Surviving Summer in a Fur Coat : Heat Dangers for our Pets
By the Vermont Veterinary Medical Association
M. Kathleen Shaw, DVM
With temperatures on the rise, many people don’t realize that our pets can have trouble with heat too. If you think it’s hot outside, imagine wearing a fur coat in this heat! In addition, our pets have very limited ways of cooling themselves. Pets pant and that’s about it.
It’s the season of street fairs, festivals, and other community events for humans. While you are enjoying the attractions, in the crowded venue your dog is being jostled, stepped on, eating who knows what that’s fallen on the ground, and often, overheating. Many events prohibit dogs for this reason and the fact that often people will leave dogs in the car to avoid the above dangers. This is even worse for them.
Sadly, every year veterinarians see cases where dogs die from heat stoke after being left in a parked car, often with the windows rolled down a couple of inches. A pet would last only for a short while in a parked car – this is true even with the windows rolled partially down: the inside temperature of a car can reach 120 to 160 degrees in just 30 minutes. If we have to sit in the car while a friend runs into a store, the first thing we do is turn on the air conditioning or roll the windows all the way down, or even keep the door to the car open. Now imagine how hard it is for your dog, who has a fur coat, cannot sweat, and is locked in the car with the temperatures rising and the windows just open an inch or two. If you leave your pet in your car on a hot day, you are risking their lives and potentially criminal charges. Police and animal control officers will not hesitate to break a car window to access a distressed dog locked in a hot car if you can’t be located. And, once they find you, charges will likely be in order.
The solution? If you cannot bear to leave your dog at home before heading off to that fun summer event, check in advance to make sure dogs are allowed. Bring water for your pet to drink and also to wet him down. Keep dogs on a short lead and keep a close eye on them to avoid them eating people food that’s been dropped. (That can cause serious stomach upset). If you are going to leave your dog at home, outside, it is extremely important to provide pets with a few basic survival items in this heat.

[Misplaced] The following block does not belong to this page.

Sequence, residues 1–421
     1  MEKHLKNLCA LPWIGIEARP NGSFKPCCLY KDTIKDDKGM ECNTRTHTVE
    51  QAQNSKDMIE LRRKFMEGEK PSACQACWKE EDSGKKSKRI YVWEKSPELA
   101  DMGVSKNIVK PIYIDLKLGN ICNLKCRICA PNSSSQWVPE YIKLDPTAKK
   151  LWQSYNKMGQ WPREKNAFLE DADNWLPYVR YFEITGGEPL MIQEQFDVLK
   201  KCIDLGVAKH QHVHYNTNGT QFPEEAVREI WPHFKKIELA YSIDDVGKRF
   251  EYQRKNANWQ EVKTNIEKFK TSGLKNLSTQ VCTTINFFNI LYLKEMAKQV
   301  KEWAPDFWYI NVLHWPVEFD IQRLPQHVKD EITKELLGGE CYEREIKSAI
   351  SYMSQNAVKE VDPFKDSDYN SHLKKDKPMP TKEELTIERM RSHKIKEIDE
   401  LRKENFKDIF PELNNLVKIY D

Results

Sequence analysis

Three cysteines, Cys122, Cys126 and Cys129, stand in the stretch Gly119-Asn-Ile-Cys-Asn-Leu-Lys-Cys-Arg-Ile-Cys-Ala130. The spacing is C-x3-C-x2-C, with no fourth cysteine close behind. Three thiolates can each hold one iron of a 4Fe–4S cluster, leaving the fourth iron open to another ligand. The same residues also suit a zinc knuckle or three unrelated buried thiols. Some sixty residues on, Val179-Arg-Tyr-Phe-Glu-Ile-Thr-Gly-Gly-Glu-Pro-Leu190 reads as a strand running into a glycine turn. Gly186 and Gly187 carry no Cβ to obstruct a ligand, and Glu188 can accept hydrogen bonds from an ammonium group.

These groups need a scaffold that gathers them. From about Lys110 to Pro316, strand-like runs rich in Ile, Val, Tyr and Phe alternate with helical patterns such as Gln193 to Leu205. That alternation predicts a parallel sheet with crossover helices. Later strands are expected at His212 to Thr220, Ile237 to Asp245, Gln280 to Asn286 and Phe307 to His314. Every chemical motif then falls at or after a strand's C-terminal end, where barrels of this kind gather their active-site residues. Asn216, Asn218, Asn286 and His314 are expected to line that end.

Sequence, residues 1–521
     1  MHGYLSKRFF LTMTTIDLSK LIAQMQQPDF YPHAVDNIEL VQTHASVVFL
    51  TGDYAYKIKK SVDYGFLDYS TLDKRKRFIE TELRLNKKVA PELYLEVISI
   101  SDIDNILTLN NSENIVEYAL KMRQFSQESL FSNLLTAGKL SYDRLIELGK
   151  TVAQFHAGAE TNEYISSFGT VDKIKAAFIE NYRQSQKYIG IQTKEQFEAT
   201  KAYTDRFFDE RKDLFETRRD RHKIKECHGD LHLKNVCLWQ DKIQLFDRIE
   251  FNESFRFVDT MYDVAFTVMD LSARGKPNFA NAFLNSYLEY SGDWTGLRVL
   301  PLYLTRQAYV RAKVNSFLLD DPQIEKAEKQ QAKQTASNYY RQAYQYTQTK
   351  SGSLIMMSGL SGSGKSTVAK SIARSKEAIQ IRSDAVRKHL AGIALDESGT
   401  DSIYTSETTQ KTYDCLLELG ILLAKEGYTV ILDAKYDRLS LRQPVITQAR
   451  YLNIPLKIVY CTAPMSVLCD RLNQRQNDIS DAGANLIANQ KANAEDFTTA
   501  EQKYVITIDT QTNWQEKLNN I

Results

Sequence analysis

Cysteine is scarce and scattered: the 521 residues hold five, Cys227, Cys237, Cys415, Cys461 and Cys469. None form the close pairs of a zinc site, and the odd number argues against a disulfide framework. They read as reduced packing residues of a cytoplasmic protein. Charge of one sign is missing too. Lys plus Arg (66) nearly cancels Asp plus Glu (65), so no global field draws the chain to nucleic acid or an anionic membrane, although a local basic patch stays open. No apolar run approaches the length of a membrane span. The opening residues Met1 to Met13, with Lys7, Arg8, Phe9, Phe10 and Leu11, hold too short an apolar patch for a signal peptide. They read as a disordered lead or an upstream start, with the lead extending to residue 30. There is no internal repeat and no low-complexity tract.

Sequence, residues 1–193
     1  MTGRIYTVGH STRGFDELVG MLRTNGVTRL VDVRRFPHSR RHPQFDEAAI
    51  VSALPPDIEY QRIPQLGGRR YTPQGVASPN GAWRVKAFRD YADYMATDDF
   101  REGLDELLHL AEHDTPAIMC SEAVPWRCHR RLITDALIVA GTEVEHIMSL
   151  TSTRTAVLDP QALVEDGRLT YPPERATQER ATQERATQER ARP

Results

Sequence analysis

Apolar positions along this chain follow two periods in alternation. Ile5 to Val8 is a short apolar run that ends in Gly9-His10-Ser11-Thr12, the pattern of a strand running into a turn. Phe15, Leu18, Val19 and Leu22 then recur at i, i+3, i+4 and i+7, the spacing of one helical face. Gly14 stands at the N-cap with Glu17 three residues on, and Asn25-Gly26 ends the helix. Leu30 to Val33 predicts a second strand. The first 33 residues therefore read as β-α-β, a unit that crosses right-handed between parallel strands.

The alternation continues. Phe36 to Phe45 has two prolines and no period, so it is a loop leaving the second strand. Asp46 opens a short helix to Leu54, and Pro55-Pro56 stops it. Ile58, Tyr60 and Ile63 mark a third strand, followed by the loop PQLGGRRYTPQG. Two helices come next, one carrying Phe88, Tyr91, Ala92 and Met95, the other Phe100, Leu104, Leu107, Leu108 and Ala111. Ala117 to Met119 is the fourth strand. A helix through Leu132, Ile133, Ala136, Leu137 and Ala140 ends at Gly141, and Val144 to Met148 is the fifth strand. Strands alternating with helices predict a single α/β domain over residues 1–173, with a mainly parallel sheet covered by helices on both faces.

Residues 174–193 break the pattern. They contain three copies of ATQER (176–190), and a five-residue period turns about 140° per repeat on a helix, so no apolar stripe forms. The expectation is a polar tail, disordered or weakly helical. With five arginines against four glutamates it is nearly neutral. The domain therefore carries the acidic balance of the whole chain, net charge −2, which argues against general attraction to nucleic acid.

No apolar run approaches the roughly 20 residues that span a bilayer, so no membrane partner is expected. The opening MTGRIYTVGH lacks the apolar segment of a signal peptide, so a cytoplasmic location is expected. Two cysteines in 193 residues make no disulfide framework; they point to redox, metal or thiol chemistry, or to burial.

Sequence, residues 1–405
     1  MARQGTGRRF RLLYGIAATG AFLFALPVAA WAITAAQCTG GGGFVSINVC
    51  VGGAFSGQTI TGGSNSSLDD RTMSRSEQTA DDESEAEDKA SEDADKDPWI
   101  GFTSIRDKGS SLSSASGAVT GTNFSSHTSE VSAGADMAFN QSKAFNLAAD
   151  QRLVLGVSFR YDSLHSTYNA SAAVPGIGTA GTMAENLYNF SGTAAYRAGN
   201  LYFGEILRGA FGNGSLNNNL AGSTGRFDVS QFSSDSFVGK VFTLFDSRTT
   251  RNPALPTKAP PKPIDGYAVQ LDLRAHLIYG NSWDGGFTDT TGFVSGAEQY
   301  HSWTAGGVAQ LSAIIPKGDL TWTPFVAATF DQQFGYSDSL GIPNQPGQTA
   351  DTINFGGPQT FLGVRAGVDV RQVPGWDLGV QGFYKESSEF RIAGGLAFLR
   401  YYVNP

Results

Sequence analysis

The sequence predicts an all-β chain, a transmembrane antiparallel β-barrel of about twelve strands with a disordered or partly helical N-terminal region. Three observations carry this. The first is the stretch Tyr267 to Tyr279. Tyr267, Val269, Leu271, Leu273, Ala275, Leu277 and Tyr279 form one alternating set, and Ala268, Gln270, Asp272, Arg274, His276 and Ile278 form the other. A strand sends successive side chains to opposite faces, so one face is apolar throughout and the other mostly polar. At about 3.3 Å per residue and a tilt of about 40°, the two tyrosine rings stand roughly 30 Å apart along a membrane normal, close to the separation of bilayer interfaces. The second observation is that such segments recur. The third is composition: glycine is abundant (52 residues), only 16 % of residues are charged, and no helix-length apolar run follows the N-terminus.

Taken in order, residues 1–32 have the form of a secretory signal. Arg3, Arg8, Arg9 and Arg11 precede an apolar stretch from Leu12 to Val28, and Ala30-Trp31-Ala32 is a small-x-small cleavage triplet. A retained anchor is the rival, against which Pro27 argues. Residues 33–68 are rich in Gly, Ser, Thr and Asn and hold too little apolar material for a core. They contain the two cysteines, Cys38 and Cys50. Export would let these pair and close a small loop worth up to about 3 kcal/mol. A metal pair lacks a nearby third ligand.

If your dog is going to spend the day outside, remember to provide shade, keeping in mind that a shady area in the morning could be a sunny one in the afternoon. Leave a sprinkler on or hose down the dog two to three times a day. Provide a lot of drinking water, and put ice cubes in it to help it stay cold. Some owners run a fan on the porch for their pets, or bring them inside during the hottest hours of the day. Many dogs dig cooling holes this time of year: it is normal. Don’t forget your outdoor cats. Leave a bowl of fresh water out for them at all times.
All veterinarians have seen and treated many cases of heat stress and heat stroke: many of them fatal. If your pet’s temperature goes just a few degrees above normal, organ damage and potentially death can occur. Signs a pet may be in trouble from the heat include vigorous panting at rest, unwillingness to rise, frothing from the nose or mouth, or rigid muscles. If you find a pet in trouble, remove it from the hot environment: (shade, indoors). Wet the body with cool (not cold) water and wet the pads of the feet with rubbing alcohol. No ice or cold water should be applied. (This is because serious clotting disorders can be triggered by cooling the pet too fast.) Then call and transport your pet to your veterinarian as soon as possible.
We cannot prevent summer heat, but we can prevent most cases of heat stroke and stress in pets with common sense precautions. Don’t leave your pet in the car, even for a few minutes, and if you leave them outside at home, follow the above preventative guidelines. They may save your pet’s life.
***The Vermont Veterinary Medical Association (VVMA) is a professional organization of 350 veterinarians dedicated to compassionate animal care and quality medicine. For more information, visit www.vtvets.org or call (802) 878-6888.***